The first block, Third party apps, should be as empty as possible. If you’re unsure, a good method, is to delete all of them from the list and check each app right afterwards to see if the behavior has changed. If not, you made the right decision. If the app really needs access, it will ask you again for permission.
Google SEO (Search Engine Optimization)
Some of you may have found out that when you search your name in Google, the results that come first are not the most relevant about you and could lead to controversial conclusions about you. Good news: if you are a European citizen, the law is on your side with the new GDPR rules. You have the right to be forgotten and a way to make it happen.
You need to follow this link:
And complete the form. You can remove anything you want that is legitimately armful for your reputation or obsolete. This look like it is only for EU citizen and I didn’t find out the US equivalent.
Nevertheless, here some interesting resources that can help you to remove unwanted content from the internet.
TrustUnion note from the redaction
You may have noticed that as the former CTO of TrustUnion, I pour a lot of feeling into privacy-related subjects. It’s something that has haunted me right from the beginning. As a fun fact, my father used to say back at the birth of internet, that if one day I tried to hack Windows software, a small red light would start to blink in the headquarters of Microsoft next to my name. I was 8, and believed it! But somehow, even though this naive idea has passed, I think I’ve always kept the feeling that somebody is watching me.
For the sake of the TrustUnion project and everyone involved with it, be assured that privacy is our highest priority.
Before I finish this article, let me share some tips for your everyday life.
Additional good practices
On your mobile and desktop computer start to use an alternative web browser such as Firefox, Opera, Dolphin etc… As a side note, Firefox on mobile allows you to install an ad blocker plugin and get rid of advertising on mobile too 😉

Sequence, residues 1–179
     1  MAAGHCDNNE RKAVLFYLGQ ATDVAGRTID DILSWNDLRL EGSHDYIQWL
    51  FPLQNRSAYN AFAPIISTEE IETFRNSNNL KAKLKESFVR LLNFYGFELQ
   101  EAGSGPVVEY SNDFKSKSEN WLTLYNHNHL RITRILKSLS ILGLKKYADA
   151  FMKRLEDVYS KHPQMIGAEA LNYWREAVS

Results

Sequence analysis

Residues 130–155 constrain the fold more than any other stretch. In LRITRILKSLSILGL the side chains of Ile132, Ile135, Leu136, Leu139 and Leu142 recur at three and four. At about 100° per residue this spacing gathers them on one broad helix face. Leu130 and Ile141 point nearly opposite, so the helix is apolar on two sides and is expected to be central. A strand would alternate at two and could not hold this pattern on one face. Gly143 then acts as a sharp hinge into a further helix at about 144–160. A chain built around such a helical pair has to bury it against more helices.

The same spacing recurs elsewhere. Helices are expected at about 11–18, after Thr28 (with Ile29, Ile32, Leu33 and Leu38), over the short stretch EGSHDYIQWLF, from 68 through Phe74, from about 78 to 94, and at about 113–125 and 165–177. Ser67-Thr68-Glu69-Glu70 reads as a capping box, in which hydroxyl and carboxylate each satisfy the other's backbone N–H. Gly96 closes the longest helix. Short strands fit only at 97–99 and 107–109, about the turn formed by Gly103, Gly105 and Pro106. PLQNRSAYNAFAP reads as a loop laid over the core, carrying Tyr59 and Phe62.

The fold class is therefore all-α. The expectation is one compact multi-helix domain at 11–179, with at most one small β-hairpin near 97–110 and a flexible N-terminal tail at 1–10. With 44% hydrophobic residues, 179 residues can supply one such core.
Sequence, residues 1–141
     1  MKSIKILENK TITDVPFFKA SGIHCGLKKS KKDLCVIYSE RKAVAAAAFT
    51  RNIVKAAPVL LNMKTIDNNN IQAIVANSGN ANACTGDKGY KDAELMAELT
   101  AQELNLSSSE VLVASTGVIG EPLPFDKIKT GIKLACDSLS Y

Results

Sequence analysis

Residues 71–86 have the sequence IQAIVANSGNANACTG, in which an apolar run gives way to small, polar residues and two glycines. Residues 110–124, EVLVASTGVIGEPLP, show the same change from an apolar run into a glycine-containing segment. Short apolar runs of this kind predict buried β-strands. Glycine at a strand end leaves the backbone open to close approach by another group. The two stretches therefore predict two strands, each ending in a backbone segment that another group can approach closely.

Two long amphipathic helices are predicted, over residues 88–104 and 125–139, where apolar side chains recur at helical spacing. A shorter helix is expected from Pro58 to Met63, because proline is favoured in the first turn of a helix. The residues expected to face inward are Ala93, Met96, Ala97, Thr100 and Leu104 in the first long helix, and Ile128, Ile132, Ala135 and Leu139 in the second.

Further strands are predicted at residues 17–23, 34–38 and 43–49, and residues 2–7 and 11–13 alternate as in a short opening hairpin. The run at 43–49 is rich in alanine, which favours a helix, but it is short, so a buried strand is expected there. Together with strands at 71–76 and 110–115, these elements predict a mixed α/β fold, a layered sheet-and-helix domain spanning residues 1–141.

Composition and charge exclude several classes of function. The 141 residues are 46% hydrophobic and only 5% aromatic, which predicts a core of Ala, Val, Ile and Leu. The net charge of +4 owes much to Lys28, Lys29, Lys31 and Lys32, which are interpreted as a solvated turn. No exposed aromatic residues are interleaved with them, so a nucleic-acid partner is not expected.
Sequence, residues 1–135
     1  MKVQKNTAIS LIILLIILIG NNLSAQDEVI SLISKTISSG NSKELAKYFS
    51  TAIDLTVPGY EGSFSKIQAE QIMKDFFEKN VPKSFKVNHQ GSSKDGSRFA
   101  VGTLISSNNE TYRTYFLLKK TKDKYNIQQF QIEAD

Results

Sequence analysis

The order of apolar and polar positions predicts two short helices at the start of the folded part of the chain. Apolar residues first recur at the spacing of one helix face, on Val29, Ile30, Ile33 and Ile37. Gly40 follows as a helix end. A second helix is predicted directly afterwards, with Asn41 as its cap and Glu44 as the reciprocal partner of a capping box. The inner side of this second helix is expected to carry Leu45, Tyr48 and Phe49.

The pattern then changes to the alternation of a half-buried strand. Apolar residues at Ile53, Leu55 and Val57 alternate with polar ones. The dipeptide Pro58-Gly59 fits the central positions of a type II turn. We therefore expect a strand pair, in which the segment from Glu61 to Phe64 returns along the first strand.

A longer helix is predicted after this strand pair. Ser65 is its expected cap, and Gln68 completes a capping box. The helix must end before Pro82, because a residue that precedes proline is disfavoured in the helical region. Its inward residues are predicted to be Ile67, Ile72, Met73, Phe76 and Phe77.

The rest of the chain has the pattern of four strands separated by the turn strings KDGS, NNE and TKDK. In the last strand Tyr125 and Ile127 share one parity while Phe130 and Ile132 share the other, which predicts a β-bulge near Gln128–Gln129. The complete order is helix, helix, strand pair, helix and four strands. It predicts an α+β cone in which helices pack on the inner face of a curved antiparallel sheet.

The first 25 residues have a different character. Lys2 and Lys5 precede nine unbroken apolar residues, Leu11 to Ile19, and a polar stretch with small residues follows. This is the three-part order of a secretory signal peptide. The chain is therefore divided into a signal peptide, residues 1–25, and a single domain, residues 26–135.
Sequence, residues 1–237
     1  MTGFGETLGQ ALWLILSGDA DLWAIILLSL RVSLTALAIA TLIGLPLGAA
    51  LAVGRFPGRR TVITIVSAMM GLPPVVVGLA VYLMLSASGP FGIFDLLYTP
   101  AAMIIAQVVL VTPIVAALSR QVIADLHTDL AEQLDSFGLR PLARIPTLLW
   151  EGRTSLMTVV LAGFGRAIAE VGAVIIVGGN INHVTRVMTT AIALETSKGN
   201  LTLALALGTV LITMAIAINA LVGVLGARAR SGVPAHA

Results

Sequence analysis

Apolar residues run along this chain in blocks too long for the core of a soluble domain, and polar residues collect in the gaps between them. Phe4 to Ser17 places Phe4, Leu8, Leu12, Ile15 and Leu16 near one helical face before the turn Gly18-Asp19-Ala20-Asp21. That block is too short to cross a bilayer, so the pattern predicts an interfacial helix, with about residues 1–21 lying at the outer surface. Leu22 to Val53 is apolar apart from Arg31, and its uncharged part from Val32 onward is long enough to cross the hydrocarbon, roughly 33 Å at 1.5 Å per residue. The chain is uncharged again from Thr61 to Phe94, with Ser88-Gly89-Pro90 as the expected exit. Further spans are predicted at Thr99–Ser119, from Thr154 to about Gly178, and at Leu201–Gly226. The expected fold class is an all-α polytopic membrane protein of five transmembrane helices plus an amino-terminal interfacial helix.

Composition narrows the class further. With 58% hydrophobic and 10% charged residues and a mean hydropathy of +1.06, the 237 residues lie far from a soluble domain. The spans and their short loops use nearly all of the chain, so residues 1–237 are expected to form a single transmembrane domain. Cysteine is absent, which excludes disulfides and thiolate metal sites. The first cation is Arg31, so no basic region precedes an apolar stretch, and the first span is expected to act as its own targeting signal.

Use a new email provider such as Proton Mail (or any privacy focused company) for your email and, if needed, keep a Google account only for your Android mobile.
On a regular basis, go on Google and search for “First name Last name” and “Last name First name” to see if some unwanted content comes up. (If any, do it for your children too!)
Check your privacy settings on all your social networks. It’s still astounding to see how many people give complete strangers full access to their Facebook account.
Maintain the privacy of your children by blurring their faces if you post photos of them on social networks: they never asked you to spread their life publicly to get a few likes, and they will be immensely thankful when they grow up.
If not mandatory, give completely fake information about you when you subscribe to any service. Give your real phone number as a last resort.
Always remember that your personal information has value, and you have the right to keep it to yourself. It’s not a matter of having nothing to hide, it’s a matter of freedom and fundamental rights.
Read more about privacy in our previous article here.
Have you followed any of these calls to action? Let us know in the comments section or on our Telegram if this article was helpful or you have any other thoughts.